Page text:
February 2021 – would you like a double?

Last month, I wrote about the Oxford Comma. This month, I’m covering something that can cause just as much friction: double-spacing.

Double-spacing is about how much space is left after a ‘full stop’ or ‘period’. Traditionally, after a ‘full stop’ one would leave two spaces.  Like that. A more modern approach is a single space. Like that.

So, why did we double-space?

Many believe this comes from typewriting days, but in fact it dates back to typesetting days. Printing would have consisted of painstakingly putting together letters (types) which would then be inked for printing. Letters tended to be of different widths, such as ‘n’ and ‘m’, and so a double space after a ‘full stop’ helped with clarity of text.

When typewriters took over, this practice was continued even though the need for it had disappeared, and it carried over into the word processing age. Indeed, I remember in my IT classes (early 1990s) being taught to double-space after a ‘full stop’.

However, since then, the practice has started to die out. Younger writers know not of double-spacing. Modern word processing means letters are of equal size and the need for a double space is gone. It is simply a habit of people of a certain age to double-space. Yet, they insist it should be done.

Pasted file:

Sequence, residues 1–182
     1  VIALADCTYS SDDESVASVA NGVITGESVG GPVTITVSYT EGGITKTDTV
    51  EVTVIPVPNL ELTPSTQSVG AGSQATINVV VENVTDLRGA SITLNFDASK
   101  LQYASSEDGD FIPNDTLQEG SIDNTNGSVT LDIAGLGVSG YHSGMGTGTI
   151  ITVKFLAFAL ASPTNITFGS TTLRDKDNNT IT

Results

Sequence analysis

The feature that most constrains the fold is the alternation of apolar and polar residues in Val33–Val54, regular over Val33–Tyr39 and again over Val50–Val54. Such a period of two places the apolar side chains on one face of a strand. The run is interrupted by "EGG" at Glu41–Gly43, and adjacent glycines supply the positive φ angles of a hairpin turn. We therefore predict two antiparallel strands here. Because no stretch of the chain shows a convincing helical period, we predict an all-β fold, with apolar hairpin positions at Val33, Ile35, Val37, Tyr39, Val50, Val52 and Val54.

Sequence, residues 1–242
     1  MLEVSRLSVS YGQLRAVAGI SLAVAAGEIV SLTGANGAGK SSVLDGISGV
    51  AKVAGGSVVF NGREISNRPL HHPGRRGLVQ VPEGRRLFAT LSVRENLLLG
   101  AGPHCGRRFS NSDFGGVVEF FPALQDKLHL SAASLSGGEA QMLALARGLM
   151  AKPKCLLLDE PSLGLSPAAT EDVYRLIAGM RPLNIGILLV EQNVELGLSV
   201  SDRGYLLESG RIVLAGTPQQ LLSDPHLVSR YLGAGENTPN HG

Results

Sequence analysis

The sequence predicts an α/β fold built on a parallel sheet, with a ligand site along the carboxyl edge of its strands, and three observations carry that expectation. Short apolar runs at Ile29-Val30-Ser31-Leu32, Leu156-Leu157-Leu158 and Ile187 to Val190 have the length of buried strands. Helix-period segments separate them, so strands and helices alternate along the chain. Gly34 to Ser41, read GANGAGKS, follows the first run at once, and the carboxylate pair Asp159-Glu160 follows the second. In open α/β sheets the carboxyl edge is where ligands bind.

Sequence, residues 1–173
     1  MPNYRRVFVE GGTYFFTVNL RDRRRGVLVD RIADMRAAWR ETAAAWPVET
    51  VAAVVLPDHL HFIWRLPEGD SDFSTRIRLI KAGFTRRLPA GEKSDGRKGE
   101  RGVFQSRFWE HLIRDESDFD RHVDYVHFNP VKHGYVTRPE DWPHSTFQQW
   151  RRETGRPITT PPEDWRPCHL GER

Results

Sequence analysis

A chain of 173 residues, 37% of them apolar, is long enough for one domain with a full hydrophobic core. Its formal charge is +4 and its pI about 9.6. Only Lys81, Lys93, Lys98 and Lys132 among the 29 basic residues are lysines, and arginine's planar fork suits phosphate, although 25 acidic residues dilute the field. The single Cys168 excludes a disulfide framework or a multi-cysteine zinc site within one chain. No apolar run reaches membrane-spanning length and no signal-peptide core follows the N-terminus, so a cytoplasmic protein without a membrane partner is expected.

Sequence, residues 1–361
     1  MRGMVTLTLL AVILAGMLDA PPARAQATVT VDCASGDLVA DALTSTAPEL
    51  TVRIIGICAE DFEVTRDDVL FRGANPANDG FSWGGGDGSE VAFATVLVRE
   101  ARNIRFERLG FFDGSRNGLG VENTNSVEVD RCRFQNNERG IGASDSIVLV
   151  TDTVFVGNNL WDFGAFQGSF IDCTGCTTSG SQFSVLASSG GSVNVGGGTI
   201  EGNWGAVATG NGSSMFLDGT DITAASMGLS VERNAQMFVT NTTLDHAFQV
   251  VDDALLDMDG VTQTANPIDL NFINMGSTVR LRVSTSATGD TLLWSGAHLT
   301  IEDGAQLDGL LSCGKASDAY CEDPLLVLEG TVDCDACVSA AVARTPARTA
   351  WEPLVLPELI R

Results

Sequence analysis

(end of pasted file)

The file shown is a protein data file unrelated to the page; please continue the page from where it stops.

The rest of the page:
Who’s correct? Both or neither really. If we work on the basis that the need is no longer there, then it’s pointless to carry on. However, to some people’s eyes, a single space looks wrong. To my eye, it looks fine. Perhaps I am not of a ‘certain age’?

A quick google will find sites in favour and some against. Microsoft joined the not-double-space-brigade and you may notice MS Word picks up double-spacing as wrong in its spell checker.

Ultimately, it’s consistency. It’s more common to single-space, but if your style is to double-space, you want to make sure you do it throughout the document. Consistency is the thing proofreaders pick up that spellcheckers won’t.

Why not contact me for a chat?

Kindly proofread by Janice Gilbert of WordPerfectProof.

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